Tan Jiak Kim, known for his philanthropy and support for the underprivileged, also contributed to the construction of  Saint Joseph’s Institution’s Anderson Building, which opened in 1907.

The new Straits and Federated Malay States Government Medical School was eventually founded in 1905. At first, it occupied the old Female Lunatic Asylum at Sepoy Lines (near the junction of Outram Road and New Bridge Road today).

However, the school's growing enrolment and staff numbers – from 17 full-course students and four hospital assistants in 1905 to 90 full-course students and 30 hospital assistants in 1910 – necessitated more facilities.

Despite the addition of a lecture hall and a chemical laboratory in 1907, the school still lacked a proper library and a room for pathological specimens. Thus, the decision was made to construct a new building to provide the necessary facilities.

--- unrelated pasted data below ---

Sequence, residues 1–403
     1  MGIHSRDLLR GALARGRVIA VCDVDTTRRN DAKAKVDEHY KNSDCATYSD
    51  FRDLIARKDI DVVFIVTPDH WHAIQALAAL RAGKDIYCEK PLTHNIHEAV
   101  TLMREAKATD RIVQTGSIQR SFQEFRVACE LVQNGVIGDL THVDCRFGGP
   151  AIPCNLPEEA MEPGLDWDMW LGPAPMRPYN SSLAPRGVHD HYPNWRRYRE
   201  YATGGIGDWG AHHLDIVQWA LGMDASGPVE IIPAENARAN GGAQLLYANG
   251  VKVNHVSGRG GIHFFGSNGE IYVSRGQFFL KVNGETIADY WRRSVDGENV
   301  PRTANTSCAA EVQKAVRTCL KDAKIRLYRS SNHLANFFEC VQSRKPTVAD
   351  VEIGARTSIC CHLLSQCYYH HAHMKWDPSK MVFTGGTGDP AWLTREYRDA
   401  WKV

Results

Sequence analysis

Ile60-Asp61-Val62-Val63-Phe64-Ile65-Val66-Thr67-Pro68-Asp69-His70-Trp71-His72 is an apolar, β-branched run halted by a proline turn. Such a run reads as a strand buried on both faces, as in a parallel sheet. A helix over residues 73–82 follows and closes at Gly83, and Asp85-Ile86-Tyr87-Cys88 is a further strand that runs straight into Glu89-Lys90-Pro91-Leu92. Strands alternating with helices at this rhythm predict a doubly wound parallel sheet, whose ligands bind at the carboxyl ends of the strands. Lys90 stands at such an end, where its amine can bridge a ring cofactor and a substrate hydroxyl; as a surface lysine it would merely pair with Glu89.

Once again, Tan Jiak Kim took on the task of fundraising for the ancillary building. His efforts led him to Malacca, where he met Tan Chay Yan, a successful rubber tycoon and advocate for education. Tan Chay Yan’s generous donation covered the entire construction cost, and he dedicated the building to his late father, Tan Teck Guan (who was also the son of entrepreneur and philanthropist Tan Tock Seng). This donation was commemorated with a memorial plaque in the building.


On 23 Jun 1911, Acting Governor Edward L. Brockman officially opened the Tan Teck Guan Building. Diplomas and other prizes were awarded on this significant occasion, symbolising the rapid progress of medical education and practice in Singapore. The new building featured a lecture room, a pathological museum and dissection room, a library, and administrative offices.